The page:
Those We Serve -- Maggot Head

Maggot Head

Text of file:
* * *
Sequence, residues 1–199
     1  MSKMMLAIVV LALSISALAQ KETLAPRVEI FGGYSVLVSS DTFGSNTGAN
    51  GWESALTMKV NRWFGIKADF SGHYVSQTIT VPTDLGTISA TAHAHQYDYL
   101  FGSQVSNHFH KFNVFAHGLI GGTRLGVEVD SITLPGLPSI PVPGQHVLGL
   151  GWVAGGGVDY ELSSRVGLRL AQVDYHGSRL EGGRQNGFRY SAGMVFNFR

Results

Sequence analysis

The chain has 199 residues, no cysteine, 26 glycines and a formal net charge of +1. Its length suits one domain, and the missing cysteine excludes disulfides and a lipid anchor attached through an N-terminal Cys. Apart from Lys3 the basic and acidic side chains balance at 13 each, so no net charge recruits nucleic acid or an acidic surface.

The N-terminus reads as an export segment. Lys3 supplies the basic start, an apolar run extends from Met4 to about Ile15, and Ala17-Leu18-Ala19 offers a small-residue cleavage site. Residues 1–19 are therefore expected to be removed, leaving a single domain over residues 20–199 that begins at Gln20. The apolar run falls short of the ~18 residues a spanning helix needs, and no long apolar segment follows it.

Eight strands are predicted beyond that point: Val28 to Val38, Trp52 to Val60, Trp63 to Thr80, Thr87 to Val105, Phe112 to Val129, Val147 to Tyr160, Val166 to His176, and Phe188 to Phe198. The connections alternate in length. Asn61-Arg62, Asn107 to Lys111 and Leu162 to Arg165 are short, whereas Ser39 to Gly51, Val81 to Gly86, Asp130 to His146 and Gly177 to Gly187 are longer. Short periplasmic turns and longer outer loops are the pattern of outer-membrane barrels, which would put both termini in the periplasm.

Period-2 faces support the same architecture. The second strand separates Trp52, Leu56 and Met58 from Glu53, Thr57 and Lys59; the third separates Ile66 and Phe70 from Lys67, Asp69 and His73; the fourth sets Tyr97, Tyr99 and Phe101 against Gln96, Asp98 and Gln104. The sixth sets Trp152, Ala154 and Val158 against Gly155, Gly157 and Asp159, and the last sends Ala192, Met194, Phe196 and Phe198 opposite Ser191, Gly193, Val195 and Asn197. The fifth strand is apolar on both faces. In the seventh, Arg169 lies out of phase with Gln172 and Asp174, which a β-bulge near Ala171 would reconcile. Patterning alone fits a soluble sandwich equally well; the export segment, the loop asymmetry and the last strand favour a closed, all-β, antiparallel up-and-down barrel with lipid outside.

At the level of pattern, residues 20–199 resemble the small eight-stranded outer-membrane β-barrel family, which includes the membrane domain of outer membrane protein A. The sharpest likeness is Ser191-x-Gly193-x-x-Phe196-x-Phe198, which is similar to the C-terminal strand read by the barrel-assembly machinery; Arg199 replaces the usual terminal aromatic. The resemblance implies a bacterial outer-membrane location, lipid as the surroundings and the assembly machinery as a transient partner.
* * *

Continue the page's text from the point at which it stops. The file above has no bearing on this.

While Kneeling describes recognition and a compassionate response, other recognitions did not yield such kindness. There are many poor, begging on the streets of Addis. Some with grave deformity, young children pressing out before their mothers, old thin women pointing a finger into their mouths, ‘give me food.’ My one-kilometer daily walk from the Jupiter hotel to LeAlem Higher Clinic passed perhaps a dozen sad cases. I did not take pictures. In the first block, a higher sidewalk in front of construction sites, I’d walk past men sleeping on the cement, splayed like fish on a dock. One fellow’s head, face, and neck were crawled over by hundreds of white maggots. This was shocking. I knelt; I thought, should I bring him to the hotel room and have him bathe? Part of me considered buying a bottle of disinfectant alcohol and swabbing and cleaning his head, then bringing him to the clinic for de-lousing and medication. I did nothing but let him sleep. There are limits and one develops filters in such situations. When I was trained as an emergency medical technician (EMT), we learned ‘scene safety’ as a first, most important rule. You have to protect yourself. An ill or dead caregiver is a greater loss than one person’s suffering, than to go forward with an unsafe incident. With maggot head, I considered my own susceptibility (and that of the next person to sleep in my hotel room). Also, I thought about the general structure of the problem. A man without employment, sleeping on the street, covered with maggots. There are many contributing problems that need repair to make a durable solution. My conscience was also eased by the fact that I give so much already, to mothers and children in need, in Addis. Alas, though, it is an important question and urge. We wish we could fix many more things. There is no shortage of need, of the compelling and grotesque that may be improved. But we are mortal, and cannot cure all.